The 25 Bestest NES Games of All the Times: Part II
Congraturation! This Story is Happy End.
We've reached the not-so-long-awaited conclusion to my NES countdown, dear readers. I'm certain that both of you who read the last post enjoyed it immensely and just couldn't wait to see how it turns out. Well, today is finally the day! I'm not in the mood for much exposition, so let's just get on with it.
Let the listing begin!
#12 - Ninja Gaiden (Tecmo, 1989)
At the risk of sounding like a broken record, Ninja Gaiden is yet another arcade title that underwent more than a few nips and tucks on its way to the NES. The coin-op. was your standard (read: boring) side-scrolling beat 'em up. The home version, in contrast, was a wild, edge-of-your-seat, tougher-than-a-two-dollar-steak action/platform title that was as unforgettable as its title was impossible to pronounce. Well, for most kids anyway.
My best friend swore up and down it was pronounced "Ninja Gayden," as did many others. To the best of my knowledge, it's pronounced "Ninja Guyden," but I've been known to be wrong before. Take that with a grain of salt, friends.
However the heck you want to say it, Ryu Hayabusa's quest for revenge on those who supposedly killed his father and stole a demon-possessed statue is worth a run-through today, no matter your gaming persuasion. But be warned: this is one of the hardest games on NES, so prepare yourselves for the inevitable release of epithets so salty they'd make a drunken sailor with Tourette's blush. Oh, and go buy an extra controller, too. There's a good chance at least one of your game pads will wind up in pieces before you ever see Jacquio.
#11 - Ninja Gaiden II: The Dark Sword of Chaos (Tecmo, 1990)
Here's another case where my opinion of a game puts me squarely in the minority: Yes, Ninja Gaiden II is better than the original. The storyline is more interesting (it features the same super cool cinema screens, too), the graphics are better, the difficulty is a tad more forgiving... even the memorable music is better. All of that is one very tall task for any game to game to accomplish, but Dark Sword of Chaos does just that.
The best new addition to this entry is the "shadow ninja" power up, additional Ryu's that will save your stealthy skin more than once. This one little change is especially helpful with boss encounters which, yes, are just as punishingly tough as the original game's.
Anyway, though I'm probably outnumbered by Gaiden I supporters, that shouldn't stop you from downloading this masterpiece to your Wii or hopping on Ebay to get a real-deal NES copy. While you're there, pick up the first game too. Both are incredible and each contributed quite a bit in making the NES the unbelievably awesome machine it was.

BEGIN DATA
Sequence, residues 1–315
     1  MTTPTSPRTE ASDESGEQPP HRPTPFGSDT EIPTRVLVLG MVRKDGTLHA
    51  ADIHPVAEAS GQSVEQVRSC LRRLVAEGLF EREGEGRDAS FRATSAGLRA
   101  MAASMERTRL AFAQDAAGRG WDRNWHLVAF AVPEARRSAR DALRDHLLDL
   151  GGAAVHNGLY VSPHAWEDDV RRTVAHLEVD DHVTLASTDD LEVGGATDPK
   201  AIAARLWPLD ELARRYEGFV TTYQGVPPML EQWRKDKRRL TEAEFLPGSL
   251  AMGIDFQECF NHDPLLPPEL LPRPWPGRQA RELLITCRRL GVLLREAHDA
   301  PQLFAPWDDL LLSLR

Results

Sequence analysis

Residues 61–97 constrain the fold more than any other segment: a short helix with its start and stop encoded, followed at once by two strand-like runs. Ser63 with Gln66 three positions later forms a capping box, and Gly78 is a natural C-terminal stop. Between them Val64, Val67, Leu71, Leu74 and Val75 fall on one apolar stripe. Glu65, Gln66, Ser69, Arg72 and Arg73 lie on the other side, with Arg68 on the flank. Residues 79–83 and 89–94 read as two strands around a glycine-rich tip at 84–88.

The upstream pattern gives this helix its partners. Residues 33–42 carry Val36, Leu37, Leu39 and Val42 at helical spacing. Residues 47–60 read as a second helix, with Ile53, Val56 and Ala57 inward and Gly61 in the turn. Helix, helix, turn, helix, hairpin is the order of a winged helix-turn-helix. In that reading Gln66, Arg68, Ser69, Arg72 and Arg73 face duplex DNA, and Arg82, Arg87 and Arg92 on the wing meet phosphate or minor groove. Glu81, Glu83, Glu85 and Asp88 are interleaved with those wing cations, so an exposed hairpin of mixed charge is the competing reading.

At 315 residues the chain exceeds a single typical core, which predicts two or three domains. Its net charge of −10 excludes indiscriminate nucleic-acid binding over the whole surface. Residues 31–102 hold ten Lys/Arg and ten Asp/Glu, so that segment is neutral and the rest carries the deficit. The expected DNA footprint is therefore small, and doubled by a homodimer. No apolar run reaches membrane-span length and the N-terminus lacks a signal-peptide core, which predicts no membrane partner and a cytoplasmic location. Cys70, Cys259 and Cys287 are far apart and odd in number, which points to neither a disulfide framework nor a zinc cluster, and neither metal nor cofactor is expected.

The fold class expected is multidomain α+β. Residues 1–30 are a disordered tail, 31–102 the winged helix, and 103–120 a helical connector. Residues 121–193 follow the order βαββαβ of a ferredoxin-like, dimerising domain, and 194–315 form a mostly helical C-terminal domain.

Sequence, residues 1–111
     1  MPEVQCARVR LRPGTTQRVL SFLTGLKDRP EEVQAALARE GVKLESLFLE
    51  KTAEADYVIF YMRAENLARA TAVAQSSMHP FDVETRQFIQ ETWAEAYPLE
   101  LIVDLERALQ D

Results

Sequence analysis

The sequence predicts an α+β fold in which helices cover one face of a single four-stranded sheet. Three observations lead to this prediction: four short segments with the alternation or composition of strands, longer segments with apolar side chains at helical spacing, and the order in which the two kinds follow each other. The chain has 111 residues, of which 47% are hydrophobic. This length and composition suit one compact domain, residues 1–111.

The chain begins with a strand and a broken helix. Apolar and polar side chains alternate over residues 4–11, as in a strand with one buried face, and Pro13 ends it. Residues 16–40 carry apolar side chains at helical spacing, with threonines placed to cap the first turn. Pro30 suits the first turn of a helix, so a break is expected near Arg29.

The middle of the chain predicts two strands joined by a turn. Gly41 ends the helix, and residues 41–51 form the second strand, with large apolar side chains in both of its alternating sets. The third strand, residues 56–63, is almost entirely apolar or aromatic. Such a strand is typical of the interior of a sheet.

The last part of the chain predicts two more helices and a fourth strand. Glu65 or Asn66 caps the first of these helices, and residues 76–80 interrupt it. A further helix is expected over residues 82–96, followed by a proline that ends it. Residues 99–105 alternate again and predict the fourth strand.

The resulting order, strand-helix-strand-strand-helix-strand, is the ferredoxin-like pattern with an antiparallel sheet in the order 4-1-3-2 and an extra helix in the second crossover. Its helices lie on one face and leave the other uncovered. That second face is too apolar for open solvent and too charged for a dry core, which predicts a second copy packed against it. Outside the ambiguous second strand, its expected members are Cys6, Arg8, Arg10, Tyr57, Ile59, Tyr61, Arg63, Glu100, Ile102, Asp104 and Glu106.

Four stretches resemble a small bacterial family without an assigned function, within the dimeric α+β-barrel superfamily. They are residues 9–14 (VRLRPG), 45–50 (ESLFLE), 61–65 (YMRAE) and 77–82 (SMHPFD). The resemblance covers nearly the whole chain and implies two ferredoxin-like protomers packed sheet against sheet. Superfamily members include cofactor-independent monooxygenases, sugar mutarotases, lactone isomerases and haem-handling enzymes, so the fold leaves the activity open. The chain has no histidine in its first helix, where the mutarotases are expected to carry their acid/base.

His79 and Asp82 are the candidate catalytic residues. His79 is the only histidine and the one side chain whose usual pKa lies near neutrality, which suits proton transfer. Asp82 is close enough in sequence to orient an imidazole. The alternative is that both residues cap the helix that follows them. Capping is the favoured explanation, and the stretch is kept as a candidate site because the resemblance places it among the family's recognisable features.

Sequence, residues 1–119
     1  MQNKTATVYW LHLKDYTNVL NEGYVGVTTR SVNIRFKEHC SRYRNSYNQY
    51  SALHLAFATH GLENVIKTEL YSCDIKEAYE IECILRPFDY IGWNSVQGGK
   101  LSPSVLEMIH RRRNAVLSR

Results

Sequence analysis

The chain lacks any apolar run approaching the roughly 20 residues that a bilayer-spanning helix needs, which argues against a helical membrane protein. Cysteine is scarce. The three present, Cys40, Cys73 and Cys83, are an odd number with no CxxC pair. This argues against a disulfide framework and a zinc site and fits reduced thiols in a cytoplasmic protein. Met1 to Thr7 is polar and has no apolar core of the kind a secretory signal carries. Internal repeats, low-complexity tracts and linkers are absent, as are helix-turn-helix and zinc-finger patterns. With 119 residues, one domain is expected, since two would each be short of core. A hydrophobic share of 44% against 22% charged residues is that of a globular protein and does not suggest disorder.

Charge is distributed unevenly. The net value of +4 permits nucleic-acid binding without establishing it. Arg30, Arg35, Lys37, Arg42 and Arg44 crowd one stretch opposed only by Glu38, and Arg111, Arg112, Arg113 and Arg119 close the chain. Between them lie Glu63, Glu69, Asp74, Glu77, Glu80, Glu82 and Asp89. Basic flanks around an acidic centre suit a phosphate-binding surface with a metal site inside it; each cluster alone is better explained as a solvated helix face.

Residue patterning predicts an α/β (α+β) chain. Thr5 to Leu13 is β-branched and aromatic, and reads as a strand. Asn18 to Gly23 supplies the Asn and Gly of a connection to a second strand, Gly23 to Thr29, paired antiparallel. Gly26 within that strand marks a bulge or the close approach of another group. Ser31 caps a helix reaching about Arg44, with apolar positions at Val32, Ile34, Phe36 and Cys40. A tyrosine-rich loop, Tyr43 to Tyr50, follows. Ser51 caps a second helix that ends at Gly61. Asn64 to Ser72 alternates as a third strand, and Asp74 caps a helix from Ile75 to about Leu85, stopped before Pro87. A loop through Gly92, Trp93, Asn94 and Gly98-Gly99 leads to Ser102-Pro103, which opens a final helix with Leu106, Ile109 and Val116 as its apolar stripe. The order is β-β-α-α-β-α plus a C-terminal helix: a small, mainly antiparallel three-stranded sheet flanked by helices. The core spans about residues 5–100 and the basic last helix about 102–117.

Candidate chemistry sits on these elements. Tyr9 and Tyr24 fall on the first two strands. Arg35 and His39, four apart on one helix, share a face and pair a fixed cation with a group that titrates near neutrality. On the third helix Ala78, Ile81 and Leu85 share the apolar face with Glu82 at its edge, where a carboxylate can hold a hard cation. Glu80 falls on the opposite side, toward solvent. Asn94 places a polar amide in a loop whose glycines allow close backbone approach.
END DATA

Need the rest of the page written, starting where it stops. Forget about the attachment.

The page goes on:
#10 - Mega Man 3 (Capcom, 1990)
When Mega Man hit the NES for his third adventure in the fall of 1990, it was clear he'd already settled into a formula. The Mega Man series never experienced the sweeping changes Mario and friends underwent, but, as I explained in my write-up on the first game, it really didn't need to. Of course, Mario never needed any changes either, and those experiments were the whims of one Shigeru Miyamoto - someone whose ideas you just don't question. The Mega Man series, on the other hand, stayed the same for one main reason: it worked.
The only real new additions to this game are the implementation of a new slide move and the introduction of Rush, Mega Man's transforming robot dog. Other than the requisite eight new baddies to tangle with and a few fleeting appearances by Mega Man's "brother," Proto Man, it's really just a fresh piece of lettuce on a reheated burger.
But it's a tasty burger that's just as fun and memorable as it's two prequels. Mega Man 4 may well have been the Blue Bomber's "jump the shark" moment, but part 3 is all good and refreshingly shark-free. Don't miss it.
#9 - Tetris (Nintendo, 1989)
If ever a game lived up to it's tagline ("From Russia With Fun"), this was most certainly it. Nowadays, you can play Tetris on your cell phone or your internet browser, happily stacking oddly-shaped blocks whenever you want. But for a great many of us, our first turn at turning those endlessly falling blocks just the right way happened via our NES. Challenging, fun, almost hypnotic in a way and accessible to virtually everyone, Tetris is gaming at its simplest... and finest.
When I was growing up, this was the only videogame my Mom would touch, and she still loves it to this day. For someone who can't tell a Game Boy from one of those old Tiger Electronics LCD games, that's pretty darn impressive. It's also a testament to the game's lasting, universal appeal.
I love it, too. In some weird form of Pavlovian classical conditioning, just the sight of those bricks makes me hum some Russian folk songs... and slobber all over myself. And that, kids, is why I always play this game alone.
#8 - Super Mario Bros. 2 (Nintendo, 1988)